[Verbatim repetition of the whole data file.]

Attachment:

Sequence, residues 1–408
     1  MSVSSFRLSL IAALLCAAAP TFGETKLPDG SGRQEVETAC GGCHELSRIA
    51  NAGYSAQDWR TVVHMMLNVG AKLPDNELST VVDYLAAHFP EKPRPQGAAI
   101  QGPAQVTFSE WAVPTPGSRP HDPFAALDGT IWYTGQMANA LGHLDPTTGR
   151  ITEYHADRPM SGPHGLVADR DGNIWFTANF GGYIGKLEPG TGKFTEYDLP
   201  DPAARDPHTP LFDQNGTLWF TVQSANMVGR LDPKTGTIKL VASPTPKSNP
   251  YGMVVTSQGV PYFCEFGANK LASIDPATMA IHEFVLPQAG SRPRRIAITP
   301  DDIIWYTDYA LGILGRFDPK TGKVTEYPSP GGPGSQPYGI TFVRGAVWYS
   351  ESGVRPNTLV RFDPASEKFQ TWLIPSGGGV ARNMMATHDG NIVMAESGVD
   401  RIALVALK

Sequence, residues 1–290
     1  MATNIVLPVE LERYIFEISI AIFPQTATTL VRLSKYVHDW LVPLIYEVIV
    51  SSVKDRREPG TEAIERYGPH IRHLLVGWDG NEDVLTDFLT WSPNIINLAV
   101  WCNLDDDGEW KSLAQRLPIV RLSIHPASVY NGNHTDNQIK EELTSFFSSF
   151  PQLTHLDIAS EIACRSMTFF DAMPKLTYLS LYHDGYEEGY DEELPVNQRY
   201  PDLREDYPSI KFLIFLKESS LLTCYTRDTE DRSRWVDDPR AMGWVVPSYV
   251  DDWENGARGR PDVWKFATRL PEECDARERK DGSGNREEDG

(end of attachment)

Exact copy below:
Sequence, residues 1–408
     1  MSVSSFRLSL IAALLCAAAP TFGETKLPDG SGRQEVETAC GGCHELSRIA
    51  NAGYSAQDWR TVVHMMLNVG AKLPDNELST VVDYLAAHFP EKPRPQGAAI
   101  QGPAQVTFSE WAVPTPGSRP HDPFAALDGT IWYTGQMANA LGHLDPTTGR
   151  ITEYHADRPM SGPHGLVADR DGNIWFTANF GGYIGKLEPG TGKFTEYDLP
   201  DPAARDPHTP LFDQNGTLWF TVQSANMVGR LDPKTGTIKL VASPTPKSNP
   251  YGMVVTSQGV PYFCEFGANK LASIDPATMA IHEFVLPQAG SRPRRIAITP
   301  DDIIWYTDYA LGILGRFDPK TGKVTEYPSP GGPGSQPYGI TFVRGAVWYS
   351  ESGVRPNTLV RFDPASEKFQ TWLIPSGGGV ARNMMATHDG NIVMAESGVD
   401  RIALVALK

Sequence, residues 1–290
     1  MATNIVLPVE LERYIFEISI AIFPQTATTL VRLSKYVHDW LVPLIYEVIV
    51  SSVKDRREPG TEAIERYGPH IRHLLVGWDG NEDVLTDFLT WSPNIINLAV
   101  WCNLDDDGEW KSLAQRLPIV RLSIHPASVY NGNHTDNQIK EELTSFFSSF
   151  PQLTHLDIAS EIACRSMTFF DAMPKLTYLS LYHDGYEEGY DEELPVNQRY
   201  PDLREDYPSI KFLIFLKESS LLTCYTRDTE DRSRWVDDPR AMGWVVPSYV
   251  DDWENGARGR PDVWKFATRL PEECDARERK DGSGNREEDG